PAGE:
Executive Excellence: Email Communication Strategies for University EAs

April 15, 2024


Person Sending Emal

Executive Assistants (EA) who work at a university navigate a variety of dynamics between faculty, staff, students, alumni, and others over email. To do their jobs effectively, university EA’s have to be able to communicate effectively with a diverse range of people with a huge variety of communication styles—from the formal, official language used by official university sources and the casual language used by students to the more business-minded language of younger faculty and the one-word answers sometimes favored by tenured professors. 

Being able to clearly convey information and encourage collaboration among different audiences, while maintaining professional relationships, are two essential pillars of an EA’s job.

So, let’s jump into email communication best practices to help you concisely disseminate information, foster teamwork, and nurture professional connections at your university.

Email Tips for Clear Communication

EAs often juggle multiple email conversations about a wide range of topics, including fall recruitment,new campus policies, and plans for a quarterly faculty meeting, which means they need to keep correspondences readable and straightforward for different readers and occasions.

Consider these three email hacks to keep each thread direct and organized:

  1. Write succinct subject lines that address the email’s purpose. There’s no need for flowery language, keep it short and sweet. For instance, instead of the subject line: Picking a Location for the Spring Faculty Meeting in April, simplify it to Q2 Faculty Meeting Location?

  2. Use bullet points for readability and clarity. It’s very difficult to digest walls of text in an email. Use bullet points and numbered lists to show different date options, list several names, or share policy verbiage versions.

  3. Simplify complex details, keeping crucial details and background information. Omit common knowledge to make emails shorter and only include the most pertinent information. For example, if you’re sending the dean a polished list of revised course descriptions in the Marketing Major Track, be sure to briefly include context that shows how you got there, which could mean attaching other email threads, including an attached spreadsheet with version history, or writing a brief summary.

Fostering Collaboration Over Email

Universities are collaborative environments that thrive on working together. Executive assistants should strive to encourage this mindset in email communications, too.

Here’s how to cultivate teamwork over email:

  • Invite feedback. Encourage active participation by asking for it. Instead of saying you found two caterers for the award ceremony, link to both options and ask which one the recipients would prefer.

  • Send clear meeting requests. It can be challenging to search the executive teams’ calendars and find an opening for meetings when some time blocks are vaguely titled. Create meeting names and timeblocks that are clear, like, VP in Atlanta for Conference, Spring Undergrad Application Review, Teachers’ Team Meeting, Traveling | Offline 3pm-7pm. 

  • Use collaborative tools. Shared Google Docs and project management tools, like, can easily be integrated into your university’s email platform to give you and your collaborators a space to work together.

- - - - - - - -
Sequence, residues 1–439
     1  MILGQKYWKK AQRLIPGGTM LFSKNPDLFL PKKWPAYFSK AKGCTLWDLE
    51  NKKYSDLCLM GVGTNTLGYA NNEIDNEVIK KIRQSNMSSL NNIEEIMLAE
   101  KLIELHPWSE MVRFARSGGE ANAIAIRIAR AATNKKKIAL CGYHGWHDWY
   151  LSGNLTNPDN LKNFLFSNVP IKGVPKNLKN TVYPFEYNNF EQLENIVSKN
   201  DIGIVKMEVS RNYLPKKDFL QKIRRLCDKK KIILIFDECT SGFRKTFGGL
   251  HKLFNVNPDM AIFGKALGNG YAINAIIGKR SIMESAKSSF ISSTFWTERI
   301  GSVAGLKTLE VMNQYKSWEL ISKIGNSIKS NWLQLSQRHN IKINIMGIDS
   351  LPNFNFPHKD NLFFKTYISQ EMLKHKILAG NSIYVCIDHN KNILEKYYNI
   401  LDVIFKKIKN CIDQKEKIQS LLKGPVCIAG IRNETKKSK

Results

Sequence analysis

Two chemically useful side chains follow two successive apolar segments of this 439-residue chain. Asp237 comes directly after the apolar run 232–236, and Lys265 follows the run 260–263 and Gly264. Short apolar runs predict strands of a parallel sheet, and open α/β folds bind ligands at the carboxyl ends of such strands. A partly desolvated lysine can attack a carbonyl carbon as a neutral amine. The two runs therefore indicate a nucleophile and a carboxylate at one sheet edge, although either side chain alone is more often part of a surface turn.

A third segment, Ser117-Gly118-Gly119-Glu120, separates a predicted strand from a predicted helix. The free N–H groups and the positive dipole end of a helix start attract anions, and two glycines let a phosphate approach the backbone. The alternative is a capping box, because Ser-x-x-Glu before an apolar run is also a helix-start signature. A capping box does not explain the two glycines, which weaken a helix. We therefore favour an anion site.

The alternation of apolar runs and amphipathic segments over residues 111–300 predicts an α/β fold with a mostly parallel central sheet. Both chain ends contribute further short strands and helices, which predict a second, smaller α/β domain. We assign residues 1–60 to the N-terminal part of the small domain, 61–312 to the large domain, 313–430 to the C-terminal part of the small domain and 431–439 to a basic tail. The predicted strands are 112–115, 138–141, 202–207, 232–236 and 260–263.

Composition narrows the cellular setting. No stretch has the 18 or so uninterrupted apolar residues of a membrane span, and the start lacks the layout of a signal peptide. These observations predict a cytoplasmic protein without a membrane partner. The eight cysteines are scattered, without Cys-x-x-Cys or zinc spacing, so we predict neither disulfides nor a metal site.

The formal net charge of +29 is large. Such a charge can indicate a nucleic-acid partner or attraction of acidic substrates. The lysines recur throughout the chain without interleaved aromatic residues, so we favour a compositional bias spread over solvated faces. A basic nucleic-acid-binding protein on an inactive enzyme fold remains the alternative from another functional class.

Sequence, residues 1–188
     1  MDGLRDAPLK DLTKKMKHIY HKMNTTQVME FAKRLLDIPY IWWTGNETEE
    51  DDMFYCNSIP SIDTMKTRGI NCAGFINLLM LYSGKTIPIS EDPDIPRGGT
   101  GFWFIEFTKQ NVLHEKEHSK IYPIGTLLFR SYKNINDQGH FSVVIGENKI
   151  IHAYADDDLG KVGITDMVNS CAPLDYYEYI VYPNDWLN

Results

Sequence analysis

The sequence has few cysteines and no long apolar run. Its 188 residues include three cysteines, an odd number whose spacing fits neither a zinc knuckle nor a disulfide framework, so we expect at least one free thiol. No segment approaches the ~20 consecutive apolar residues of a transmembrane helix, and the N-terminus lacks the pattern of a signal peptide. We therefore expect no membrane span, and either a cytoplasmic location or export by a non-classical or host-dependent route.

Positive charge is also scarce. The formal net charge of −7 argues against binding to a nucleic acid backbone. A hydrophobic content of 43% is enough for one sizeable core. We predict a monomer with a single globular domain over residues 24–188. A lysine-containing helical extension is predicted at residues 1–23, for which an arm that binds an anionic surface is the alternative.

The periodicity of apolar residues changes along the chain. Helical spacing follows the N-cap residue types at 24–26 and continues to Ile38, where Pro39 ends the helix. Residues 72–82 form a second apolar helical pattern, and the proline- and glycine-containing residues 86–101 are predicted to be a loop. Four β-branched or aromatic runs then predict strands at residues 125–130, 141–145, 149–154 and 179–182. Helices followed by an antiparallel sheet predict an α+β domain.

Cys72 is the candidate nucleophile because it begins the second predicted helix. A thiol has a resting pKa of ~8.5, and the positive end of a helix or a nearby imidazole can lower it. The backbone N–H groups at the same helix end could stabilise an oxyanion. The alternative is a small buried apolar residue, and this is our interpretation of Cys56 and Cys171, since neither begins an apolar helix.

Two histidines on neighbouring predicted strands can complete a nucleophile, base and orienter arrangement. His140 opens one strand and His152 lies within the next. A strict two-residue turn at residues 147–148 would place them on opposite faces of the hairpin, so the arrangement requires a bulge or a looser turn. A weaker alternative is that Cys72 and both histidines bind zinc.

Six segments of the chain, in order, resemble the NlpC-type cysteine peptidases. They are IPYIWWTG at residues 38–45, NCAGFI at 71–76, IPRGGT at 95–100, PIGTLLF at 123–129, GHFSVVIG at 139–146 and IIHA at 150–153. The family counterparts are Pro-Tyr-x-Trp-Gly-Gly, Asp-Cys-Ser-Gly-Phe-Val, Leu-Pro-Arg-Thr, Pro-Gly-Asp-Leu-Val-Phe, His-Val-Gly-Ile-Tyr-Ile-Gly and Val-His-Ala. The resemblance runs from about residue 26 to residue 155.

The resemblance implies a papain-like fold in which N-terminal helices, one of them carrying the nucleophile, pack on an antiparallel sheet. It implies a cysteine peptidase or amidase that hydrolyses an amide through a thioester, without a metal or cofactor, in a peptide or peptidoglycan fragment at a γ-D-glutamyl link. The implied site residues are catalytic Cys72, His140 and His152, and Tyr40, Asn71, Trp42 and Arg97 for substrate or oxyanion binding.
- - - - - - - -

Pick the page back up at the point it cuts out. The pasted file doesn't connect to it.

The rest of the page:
• Make action items and deadlines clear. Busy people stick to timelines when they know the date they must act by. Include due dates for any feedback in bold, clear terms to keep projects progressing. When you send a meeting recap for the interdepartmental meeting, include an “Action Items” section and tag the people in charge of completing each task with a due date.

Strategies for Professional Email Etiquette  

Since Executive Assistants work with internal and external university partners, they seamlessly transition from one audience’s email tone to another’s several times a day. 

Let’s explore the 4 Ps of professional email decorum:

  • Personalize email communications. Use the recipient’s preferred name and title when addressing emails. Most email programs have this information attached to each email address, but if you notice someone using a different variation in their signature, take note of this for future communication. 

  • Promptly respond, even if it’s to inform the recipient of a delay. If you don’t have time to immediately answer the question or take care of the action item by their requested timeline, send a quick email that says, “Thanks for sending this, I will be reviewing your slides on Tuesday and give you my thoughts by EOW Friday.” This shows you’re responsible and professional.

  • Politely ask for clarification. Sometimes you get an email that you don’t fully understand what the ask is. When this happens, it’s best to reply with some follow-up questions so you can work toward understanding. “Would you mind expanding on this point, I’m not sure I’m following!” is respectful and can help clear up confusion quickly.

  • Pause before answering. When it comes to sensitive or contentious topics, it’s important to pause and wait a few minutes before replying. Responding too quickly can lead to miscommunication or not communicating with tact. Write a draft of your response in an email that is not addressed to the recipient and work out your thoughts before sending a response.

    Note: Sometimes face-to-face communication or a phone call can be better mediums for discussing complex or delicate matters. Using your discretion, take things off email when you think it will lead to a more productive conversation.  

Elevate Your Email Communication Skills

EAs play an important part in setting the tone for their university’s communication. Try including these tips in your next correspondence to facilitate clear, collaborative, professional emailing!

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